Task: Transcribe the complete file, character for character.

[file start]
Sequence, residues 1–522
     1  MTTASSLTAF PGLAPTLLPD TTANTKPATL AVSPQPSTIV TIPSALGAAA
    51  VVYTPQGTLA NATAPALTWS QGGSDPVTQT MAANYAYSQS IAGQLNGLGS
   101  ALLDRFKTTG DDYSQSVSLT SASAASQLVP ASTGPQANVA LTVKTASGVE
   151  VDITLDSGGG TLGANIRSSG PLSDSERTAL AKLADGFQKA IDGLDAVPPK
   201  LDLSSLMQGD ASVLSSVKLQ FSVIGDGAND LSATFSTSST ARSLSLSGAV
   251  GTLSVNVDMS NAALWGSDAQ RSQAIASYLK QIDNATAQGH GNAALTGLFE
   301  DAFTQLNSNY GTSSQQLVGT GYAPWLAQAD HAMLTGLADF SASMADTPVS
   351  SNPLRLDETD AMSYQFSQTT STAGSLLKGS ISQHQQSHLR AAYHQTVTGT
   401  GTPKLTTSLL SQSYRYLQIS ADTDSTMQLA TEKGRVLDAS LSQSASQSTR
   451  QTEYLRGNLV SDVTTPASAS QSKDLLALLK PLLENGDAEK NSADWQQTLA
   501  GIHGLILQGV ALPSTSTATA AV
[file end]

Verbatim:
Sequence, residues 1–522
     1  MTTASSLTAF PGLAPTLLPD TTANTKPATL AVSPQPSTIV TIPSALGAAA
    51  VVYTPQGTLA NATAPALTWS QGGSDPVTQT MAANYAYSQS IAGQLNGLGS
   101  ALLDRFKTTG DDYSQSVSLT SASAASQLVP ASTGPQANVA LTVKTASGVE
   151  VDITLDSGGG TLGANIRSSG PLSDSERTAL AKLADGFQKA IDGLDAVPPK
   201  LDLSSLMQGD ASVLSSVKLQ FSVIGDGAND LSATFSTSST ARSLSLSGAV
   251  GTLSVNVDMS NAALWGSDAQ RSQAIASYLK QIDNATAQGH GNAALTGLFE
   301  DAFTQLNSNY GTSSQQLVGT GYAPWLAQAD HAMLTGLADF SASMADTPVS
   351  SNPLRLDETD AMSYQFSQTT STAGSLLKGS ISQHQQSHLR AAYHQTVTGT
   401  GTPKLTTSLL SQSYRYLQIS ADTDSTMQLA TEKGRVLDAS LSQSASQSTR
   451  QTEYLRGNLV SDVTTPASAS QSKDLLALLK PLLENGDAEK NSADWQQTLA
   501  GIHGLILQGV ALPSTSTATA AV